In any nascent endeavor, it is human nature to trumpet even the most modest of achievements. Sure, Pioneer I didn’t make it to the moon, but it went pretty high and confirmed the Van Allen Belts. Sure, Vanguard I was the size of a grapefruit, but it taught us that the Earth is pear-shaped.
In that vein, sure, Pioneer IV, NASA’s latest moon shot, may not have been entirely a success, but at least it will be the first (American) probe to sail beyond our planet’s celestial companion and into solar orbit.
Launched yesterday on a Juno II, Pioneer IV is essentially an exact duplicate of the less-successful Pioneer III, with a little extra shielding around one of its charged particle detectors to better measure cosmic radiation. In the tradition of focusing on the positive, I will note that Pioneer IV’s mission is not just to take snapshots of the moon, but to duplicate the mission profile of its predecessor so as to provide a comparative data set. This is the soul of science–the repeating and repeatability of experiments.
As far as the trip to the moon is concerned, there have only been a couple of minor hiccoughs: one of the three scaling factor taps on one of the counters got knocked out when Pioneer IV‘s engines shook it a bit too roughly. In English, a scaling factor allows scientists to convert the raw voltages, recorded when charged particles hit the spacecraft, into usable numbers. I don’t think this critically damages the instrument. Pioneer IV‘s transmission also went on the fritz for about 30 seconds while the craft traversed Earth’s outer radiation belt.
While we’re on the topic of problems, it looks like the little spacecraft is going to pass wide of its target, missing the surface of the moon by some 37,000 miles. This is too far to activate the photoelectric sensors on the spacecraft, which would have been used to activate a camera–if the probe had been heavy enough include a camera! Not a huge loss.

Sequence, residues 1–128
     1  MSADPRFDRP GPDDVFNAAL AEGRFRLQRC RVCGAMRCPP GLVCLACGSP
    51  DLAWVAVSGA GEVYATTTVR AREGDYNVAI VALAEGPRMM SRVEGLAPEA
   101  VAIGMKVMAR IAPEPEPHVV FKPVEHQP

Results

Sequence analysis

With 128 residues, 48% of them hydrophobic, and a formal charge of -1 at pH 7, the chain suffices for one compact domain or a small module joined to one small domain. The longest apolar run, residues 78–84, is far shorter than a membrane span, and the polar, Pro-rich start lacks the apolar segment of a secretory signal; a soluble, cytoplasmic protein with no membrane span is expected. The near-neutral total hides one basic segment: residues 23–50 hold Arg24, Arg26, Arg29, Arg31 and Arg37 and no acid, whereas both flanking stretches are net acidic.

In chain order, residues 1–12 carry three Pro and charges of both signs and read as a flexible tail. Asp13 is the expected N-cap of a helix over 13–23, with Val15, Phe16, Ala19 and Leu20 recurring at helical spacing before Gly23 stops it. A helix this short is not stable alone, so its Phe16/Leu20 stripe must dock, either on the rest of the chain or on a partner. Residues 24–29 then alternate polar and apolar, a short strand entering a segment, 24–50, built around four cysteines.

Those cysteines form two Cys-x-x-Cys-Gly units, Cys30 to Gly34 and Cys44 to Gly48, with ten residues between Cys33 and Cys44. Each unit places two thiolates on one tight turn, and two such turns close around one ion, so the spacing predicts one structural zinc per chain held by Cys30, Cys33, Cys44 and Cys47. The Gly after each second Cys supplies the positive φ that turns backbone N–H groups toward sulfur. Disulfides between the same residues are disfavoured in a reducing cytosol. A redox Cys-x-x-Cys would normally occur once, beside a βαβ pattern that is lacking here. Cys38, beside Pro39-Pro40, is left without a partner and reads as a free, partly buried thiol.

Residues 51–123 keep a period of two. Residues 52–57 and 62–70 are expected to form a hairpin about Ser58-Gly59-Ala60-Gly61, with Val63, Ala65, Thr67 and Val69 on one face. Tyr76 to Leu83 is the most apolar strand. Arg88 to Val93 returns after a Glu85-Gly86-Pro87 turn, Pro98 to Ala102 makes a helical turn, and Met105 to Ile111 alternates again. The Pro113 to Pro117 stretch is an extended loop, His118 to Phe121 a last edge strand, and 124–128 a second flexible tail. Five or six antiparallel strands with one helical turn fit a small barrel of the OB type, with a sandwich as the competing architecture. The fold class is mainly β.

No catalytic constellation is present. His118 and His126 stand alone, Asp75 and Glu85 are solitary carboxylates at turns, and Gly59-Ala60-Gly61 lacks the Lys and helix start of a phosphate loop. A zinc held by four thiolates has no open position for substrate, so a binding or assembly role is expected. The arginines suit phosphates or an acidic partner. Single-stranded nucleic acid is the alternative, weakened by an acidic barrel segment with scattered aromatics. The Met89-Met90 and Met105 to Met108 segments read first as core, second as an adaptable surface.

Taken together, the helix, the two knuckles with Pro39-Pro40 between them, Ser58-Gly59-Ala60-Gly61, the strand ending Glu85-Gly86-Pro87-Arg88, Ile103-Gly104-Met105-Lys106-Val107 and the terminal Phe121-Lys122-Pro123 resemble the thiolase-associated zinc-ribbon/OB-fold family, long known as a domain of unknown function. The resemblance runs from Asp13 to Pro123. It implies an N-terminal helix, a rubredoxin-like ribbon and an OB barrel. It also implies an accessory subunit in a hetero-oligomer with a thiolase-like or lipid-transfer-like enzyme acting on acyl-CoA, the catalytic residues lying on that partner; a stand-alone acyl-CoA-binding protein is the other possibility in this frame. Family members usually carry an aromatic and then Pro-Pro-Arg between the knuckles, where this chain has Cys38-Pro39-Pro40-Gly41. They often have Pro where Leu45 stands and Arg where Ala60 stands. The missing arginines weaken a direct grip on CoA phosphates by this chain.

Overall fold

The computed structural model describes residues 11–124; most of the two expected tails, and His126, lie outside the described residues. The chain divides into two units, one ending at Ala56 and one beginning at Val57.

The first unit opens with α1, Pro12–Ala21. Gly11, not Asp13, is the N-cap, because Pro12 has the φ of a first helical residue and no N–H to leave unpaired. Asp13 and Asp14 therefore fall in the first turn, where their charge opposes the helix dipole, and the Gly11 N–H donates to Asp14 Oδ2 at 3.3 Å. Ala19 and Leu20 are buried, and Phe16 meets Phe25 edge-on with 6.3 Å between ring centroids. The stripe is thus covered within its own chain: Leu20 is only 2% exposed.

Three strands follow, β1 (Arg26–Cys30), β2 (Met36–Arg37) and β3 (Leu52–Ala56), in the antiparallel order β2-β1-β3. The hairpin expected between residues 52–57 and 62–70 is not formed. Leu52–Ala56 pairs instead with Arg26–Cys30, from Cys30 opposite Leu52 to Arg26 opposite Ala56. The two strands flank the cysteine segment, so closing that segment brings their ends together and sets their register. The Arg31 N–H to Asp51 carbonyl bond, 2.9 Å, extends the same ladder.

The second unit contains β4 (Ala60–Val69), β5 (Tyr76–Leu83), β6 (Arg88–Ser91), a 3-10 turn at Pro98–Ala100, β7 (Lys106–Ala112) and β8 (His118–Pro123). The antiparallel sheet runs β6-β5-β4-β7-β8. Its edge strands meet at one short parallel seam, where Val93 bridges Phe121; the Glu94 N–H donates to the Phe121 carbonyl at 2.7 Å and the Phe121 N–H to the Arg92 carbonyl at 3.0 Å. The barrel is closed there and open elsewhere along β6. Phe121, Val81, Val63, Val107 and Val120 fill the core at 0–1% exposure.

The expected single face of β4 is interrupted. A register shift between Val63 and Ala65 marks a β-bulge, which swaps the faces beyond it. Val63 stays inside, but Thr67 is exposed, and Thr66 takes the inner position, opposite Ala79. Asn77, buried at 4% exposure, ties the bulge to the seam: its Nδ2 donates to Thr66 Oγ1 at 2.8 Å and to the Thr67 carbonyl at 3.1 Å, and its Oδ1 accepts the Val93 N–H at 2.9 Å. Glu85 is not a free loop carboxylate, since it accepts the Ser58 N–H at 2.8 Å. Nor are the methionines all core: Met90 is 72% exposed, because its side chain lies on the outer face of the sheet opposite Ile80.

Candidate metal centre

What will really be exciting is to finally give the Jet Propulsion Laboratory’s deep space tracking network a full run through its paces. We’ve never tried to monitor a spacecraft several hundred thousand miles from Earth before. On the other hand, if the Soviets can do it, I suspect we can, too.
So there you have it. We launched a probe that weighed sixty times less than Luna I and which missed its target by a distance ten times greater. And we did it two months after Luna I.
A success? You be the judge…
P.S. Following up on Discoverer I, the Air Force is claiming that they are still receiving sporadic signals from their spacecraft. They’ve also confirmed that their new rocket is a Thor-Hustler, whatever that is. The Swedish press is calling Discoverer I “The Whispering Satellite” since they can barely hear it, if at all.
I’m still unconvinced. Something’s fishy. I just can’t tell you exactly what.
See you on March 6 with a book review!
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